Fractured Hive: Endless Space AAR

Hello, and welcome to my AAR of a recent Endless Space game. Note that Endless Space is still in beta, so stuff in this AAR may not function the same way in the final game!

The details: I like close, fast games, so I set this up on a small, 2-spiral galaxy with 2 AI opponents on the normal difficulty. No pirates, because pirates are dumb.

I’m playing the Craver faction. Cravers are an insectoid race that were evolved and given technology by an ancient, now extinct, species called the Endless. Cravers have but one need: to consume. When the Cravers settle on a new planet, it provides +25% resources for the first 25 turns, returns to normal for the next 25 turns, and then -25% resources after that as they overconsume the world. Fighting the Cravers can be a demoralizing prospect because, in addition to their innate fighting advantages, conquering a Craver planet gives you worn out, weakened planets. The Cravers must continually take new worlds to keep their production high. In addition, the Cravers cannot be at peace with any other faction, the best possible relationship is a cold war. For the Cravers, you are either waiting to be eaten or are being eaten.

The twist is that all the players in the game are Cravers. That means there can be ONLY OMNOMNOMNOMNOMNOM. And eventually the galaxy will be stripped of all nourishment.

Here’s the banquet:

My seat at the table, the star system Lahat:

The system details:

Next: Exploration, infrastructure, and research.

Oh yeah.

Stop it. Right now.

Don’t make me buy this. Please don’t make me buy this…

I like the ui.

The UI is so good! At least, the bits that seem done are. Really great icons design and layout, it’s very fast, very smooth feeling, and there’s very little in the way of unnecessary clicking or moving the mouse around - generally pretty good at holding to a simple left mouse/select rightmouse/back setup and there’s very little hunting for shit or tedious fiddling around. In a good way - it’s like the first of these games that seems like it was designed by someone who used a smartphone/tablet once. Some of it still has a bit of work to go (fleet management, some late game crowding of smaller panels), but overall, really impressive.

I was a little dubious of this at first… basically you can right click on any screen to back out to the previous one, but man does it work great now that I’m used to it.

Alright, let’s take a look again at my starting system, Lahat.

As you can see, the system has three planets, only one of which I can currently colonize, which already has three units of population (the blue head figures). Planets have two traits: environment and size. The environment determines how much of each resource (food, industry, dust, and science, collectively FIDS) the planet produces, while size determines how much total population the planet can hold (which acts as a multiplier on FIDS production). To reflect their hive-like society, the Cravers have the crowded planets trait, which grants them an additional max population for tiny, small and medium planets. Rougher environments, like the barren and desert seen here, require special technologies to colonize.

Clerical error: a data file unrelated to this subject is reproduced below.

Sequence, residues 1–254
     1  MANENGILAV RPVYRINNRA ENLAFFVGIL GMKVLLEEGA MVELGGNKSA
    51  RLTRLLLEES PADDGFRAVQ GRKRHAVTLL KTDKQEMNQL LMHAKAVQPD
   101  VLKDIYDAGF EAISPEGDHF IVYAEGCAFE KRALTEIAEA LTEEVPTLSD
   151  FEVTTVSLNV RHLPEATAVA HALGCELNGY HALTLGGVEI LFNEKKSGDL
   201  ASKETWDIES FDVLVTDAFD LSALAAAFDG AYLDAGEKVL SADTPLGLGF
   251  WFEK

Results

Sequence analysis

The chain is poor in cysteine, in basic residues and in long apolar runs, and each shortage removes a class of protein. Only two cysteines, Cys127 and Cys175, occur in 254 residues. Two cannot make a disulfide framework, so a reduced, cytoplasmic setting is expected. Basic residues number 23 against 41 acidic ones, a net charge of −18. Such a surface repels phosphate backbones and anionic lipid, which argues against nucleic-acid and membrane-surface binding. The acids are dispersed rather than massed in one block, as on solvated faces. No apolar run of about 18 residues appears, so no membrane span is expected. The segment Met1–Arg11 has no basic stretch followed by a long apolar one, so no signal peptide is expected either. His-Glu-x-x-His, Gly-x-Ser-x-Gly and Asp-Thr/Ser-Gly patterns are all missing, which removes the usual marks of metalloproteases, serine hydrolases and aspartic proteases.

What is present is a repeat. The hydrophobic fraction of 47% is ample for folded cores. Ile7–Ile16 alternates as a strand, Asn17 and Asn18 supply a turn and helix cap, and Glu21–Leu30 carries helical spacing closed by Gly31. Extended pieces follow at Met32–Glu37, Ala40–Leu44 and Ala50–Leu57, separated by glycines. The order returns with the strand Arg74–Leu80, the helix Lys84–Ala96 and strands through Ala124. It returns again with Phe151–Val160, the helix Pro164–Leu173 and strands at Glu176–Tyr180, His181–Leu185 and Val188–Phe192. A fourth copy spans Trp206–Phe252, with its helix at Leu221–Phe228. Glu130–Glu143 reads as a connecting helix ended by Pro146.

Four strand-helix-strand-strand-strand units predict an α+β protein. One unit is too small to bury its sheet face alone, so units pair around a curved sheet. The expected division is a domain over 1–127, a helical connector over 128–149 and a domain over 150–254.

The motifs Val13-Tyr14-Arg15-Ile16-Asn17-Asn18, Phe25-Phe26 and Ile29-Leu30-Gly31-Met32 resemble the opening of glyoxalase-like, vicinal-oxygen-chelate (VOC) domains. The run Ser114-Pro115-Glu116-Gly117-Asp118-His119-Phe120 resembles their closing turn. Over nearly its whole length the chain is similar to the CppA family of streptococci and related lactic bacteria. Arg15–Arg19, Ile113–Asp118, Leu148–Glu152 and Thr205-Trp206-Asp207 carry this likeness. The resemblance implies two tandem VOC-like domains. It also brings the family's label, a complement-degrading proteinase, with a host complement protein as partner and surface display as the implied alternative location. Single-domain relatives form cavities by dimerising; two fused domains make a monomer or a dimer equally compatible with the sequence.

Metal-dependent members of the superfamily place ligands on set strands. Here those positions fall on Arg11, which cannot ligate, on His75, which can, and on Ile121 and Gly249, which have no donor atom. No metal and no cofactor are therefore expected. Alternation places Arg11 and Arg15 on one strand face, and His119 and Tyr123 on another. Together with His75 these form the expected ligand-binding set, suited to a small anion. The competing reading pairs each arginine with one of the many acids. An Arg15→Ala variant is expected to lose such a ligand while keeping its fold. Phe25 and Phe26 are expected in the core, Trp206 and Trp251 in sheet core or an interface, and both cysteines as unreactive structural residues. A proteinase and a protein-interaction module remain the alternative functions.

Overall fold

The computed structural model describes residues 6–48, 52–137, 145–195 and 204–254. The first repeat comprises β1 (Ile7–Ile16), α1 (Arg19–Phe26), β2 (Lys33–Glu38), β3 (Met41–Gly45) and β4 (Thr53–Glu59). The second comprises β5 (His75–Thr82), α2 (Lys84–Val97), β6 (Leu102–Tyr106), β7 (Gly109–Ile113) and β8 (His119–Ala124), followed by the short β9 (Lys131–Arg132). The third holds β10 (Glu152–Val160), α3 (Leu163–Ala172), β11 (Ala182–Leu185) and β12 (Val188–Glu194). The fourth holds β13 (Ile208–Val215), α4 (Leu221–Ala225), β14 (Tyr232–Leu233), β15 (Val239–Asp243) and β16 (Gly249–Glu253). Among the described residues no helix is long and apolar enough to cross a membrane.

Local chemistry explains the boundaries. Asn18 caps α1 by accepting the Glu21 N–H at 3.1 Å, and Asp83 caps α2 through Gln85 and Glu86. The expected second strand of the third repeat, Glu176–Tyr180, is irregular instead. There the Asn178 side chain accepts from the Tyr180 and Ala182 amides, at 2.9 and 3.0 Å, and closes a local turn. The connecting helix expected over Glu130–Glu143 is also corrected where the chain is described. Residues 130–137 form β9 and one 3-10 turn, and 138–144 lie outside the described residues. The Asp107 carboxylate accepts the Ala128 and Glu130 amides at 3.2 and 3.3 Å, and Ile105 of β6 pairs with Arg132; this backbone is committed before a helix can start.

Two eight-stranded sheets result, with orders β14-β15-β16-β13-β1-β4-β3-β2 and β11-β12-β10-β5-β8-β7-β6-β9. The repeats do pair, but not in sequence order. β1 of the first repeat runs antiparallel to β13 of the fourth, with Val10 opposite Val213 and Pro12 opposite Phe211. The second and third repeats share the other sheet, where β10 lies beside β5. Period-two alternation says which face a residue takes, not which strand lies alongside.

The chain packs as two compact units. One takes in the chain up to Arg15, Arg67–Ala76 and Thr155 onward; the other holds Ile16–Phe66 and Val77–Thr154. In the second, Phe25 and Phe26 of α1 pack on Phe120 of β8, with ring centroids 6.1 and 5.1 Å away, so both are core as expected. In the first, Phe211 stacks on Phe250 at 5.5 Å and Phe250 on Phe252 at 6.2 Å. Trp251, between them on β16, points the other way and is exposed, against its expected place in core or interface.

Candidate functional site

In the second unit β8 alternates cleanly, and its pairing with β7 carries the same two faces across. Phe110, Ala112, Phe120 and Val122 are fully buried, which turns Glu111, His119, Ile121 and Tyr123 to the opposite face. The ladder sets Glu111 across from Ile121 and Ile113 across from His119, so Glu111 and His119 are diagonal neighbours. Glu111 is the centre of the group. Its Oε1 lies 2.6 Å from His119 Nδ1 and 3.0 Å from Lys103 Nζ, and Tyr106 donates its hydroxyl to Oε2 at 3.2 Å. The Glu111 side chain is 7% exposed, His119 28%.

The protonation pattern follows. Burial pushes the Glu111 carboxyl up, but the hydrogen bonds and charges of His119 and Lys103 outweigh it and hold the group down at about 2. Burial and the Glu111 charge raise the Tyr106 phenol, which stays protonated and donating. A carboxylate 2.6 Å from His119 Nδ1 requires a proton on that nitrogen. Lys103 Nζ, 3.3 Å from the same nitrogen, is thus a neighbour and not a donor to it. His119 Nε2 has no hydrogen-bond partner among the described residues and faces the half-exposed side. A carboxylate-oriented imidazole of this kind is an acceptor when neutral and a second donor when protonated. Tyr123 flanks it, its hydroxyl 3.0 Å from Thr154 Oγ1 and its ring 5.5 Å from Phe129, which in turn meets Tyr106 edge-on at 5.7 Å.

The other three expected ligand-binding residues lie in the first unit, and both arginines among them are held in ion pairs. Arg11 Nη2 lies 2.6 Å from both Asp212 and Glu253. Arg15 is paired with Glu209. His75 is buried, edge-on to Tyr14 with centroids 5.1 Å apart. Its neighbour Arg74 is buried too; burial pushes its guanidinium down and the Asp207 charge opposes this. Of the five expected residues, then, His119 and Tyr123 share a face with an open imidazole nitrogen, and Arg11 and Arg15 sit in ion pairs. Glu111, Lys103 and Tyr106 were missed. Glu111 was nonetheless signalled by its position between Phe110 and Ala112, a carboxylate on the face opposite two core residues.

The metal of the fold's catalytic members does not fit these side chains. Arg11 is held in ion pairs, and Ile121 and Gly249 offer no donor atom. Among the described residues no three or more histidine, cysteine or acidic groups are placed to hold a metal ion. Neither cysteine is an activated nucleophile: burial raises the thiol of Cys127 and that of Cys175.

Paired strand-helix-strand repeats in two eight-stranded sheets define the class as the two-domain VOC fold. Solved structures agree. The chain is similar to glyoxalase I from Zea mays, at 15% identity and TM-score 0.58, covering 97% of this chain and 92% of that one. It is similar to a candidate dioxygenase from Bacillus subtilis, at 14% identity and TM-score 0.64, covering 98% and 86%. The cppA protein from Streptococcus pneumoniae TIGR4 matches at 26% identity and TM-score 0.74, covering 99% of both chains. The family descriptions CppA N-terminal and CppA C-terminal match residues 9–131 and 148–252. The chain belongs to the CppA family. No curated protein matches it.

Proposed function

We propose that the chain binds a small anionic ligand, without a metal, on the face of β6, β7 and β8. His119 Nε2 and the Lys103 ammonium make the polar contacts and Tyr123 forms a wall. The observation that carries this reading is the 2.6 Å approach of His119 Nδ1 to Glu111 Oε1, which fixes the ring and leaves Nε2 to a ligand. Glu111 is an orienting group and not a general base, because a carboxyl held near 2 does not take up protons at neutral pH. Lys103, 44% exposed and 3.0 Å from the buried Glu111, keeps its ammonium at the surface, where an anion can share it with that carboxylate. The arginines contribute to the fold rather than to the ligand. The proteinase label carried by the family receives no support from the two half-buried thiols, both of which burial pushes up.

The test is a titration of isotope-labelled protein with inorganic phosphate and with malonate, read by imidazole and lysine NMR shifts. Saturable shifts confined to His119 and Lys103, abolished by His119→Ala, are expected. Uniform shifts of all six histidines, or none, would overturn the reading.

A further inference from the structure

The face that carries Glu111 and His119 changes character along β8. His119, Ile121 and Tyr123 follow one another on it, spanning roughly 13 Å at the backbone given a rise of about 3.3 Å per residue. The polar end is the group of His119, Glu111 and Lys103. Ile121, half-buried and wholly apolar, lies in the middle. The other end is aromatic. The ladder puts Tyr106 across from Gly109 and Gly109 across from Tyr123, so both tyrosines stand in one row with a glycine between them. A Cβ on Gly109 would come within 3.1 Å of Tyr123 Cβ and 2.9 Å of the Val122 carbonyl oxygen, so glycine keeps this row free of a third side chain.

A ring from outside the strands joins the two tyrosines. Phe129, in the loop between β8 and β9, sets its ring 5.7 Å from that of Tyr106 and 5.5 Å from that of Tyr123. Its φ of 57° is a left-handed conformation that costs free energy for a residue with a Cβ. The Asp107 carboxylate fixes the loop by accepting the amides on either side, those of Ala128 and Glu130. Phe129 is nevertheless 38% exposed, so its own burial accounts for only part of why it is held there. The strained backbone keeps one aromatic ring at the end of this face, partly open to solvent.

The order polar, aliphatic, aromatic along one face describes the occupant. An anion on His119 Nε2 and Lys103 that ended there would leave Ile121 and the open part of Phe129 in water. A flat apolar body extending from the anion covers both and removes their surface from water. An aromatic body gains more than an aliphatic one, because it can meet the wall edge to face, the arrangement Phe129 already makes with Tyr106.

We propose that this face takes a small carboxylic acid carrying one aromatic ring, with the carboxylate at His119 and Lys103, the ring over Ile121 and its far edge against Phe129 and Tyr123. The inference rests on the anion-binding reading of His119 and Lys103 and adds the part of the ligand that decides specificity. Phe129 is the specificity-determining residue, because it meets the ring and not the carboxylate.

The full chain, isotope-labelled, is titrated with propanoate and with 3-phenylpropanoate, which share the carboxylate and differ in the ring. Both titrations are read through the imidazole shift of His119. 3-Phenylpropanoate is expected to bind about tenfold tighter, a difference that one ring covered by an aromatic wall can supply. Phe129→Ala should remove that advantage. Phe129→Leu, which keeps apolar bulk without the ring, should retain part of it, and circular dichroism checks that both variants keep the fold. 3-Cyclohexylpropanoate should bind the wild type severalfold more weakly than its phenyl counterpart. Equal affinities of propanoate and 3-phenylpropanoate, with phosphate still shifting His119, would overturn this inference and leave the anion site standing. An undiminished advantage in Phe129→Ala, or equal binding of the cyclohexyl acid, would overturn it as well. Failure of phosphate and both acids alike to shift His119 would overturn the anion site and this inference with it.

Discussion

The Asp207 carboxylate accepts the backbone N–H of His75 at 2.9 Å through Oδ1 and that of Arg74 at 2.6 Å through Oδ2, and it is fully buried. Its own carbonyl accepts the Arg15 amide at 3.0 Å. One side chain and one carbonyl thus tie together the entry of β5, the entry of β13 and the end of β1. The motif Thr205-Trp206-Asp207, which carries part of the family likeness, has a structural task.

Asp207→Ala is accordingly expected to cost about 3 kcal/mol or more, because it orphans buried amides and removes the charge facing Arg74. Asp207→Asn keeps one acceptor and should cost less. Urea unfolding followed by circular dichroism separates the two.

Endless space helps simplify colony management by keeping most decisions at the system level (see me talk more in-depth about system management here), but you do get to set one “exploitation” for each planet, which continually provides a boost of one of the FIDS. Because I want my population to grow quickly, I choose the exploitation that increases food production. Although there are only 4 exploitations, you can continually improve them through research throughout the game.

Speaking of which, let’s check out the research screen.

As you can see, research extends in four different directions. I call this the research flower, and each petal focuses on a different kind of technology—combat up top, advanced science to the right, colonization and exploration to the bottom, and diplomacy and logistics to the left. Each faction has some unique techs sprinkled throughout the tree, highlighted with an orange icon. Let’s zoom in a bit…

Here you can see three unique technologies in the left petal. These technologies help with food production and increasing the size of your fleets: with their unique technologies researched, the Cravers can field the largest fleets in the game.

I decide that I want faster fleets (to help with early game expansion),and queue up the technology and close the screen. It’s time to start eating the universe.

I start with a scout ship and a colony ship (represented by the small ship token near Lahat). If I had another colonizable planet in my home system, I might use my colony ship on it right now, to start with an early resource boost. But I do not, and so I must use my scout ship to find a new system to devour.

There are three ways to move in Endless Space. When a galaxy is generated, it creates a certain number of constellations, which are groups of stars that are all linked by pre-defined lanes ships can move along. Wormholes connect constellations to each other, and require a fairly early technology to navigate. Eventually, with a mid-game technology, your ships can travel through empty space.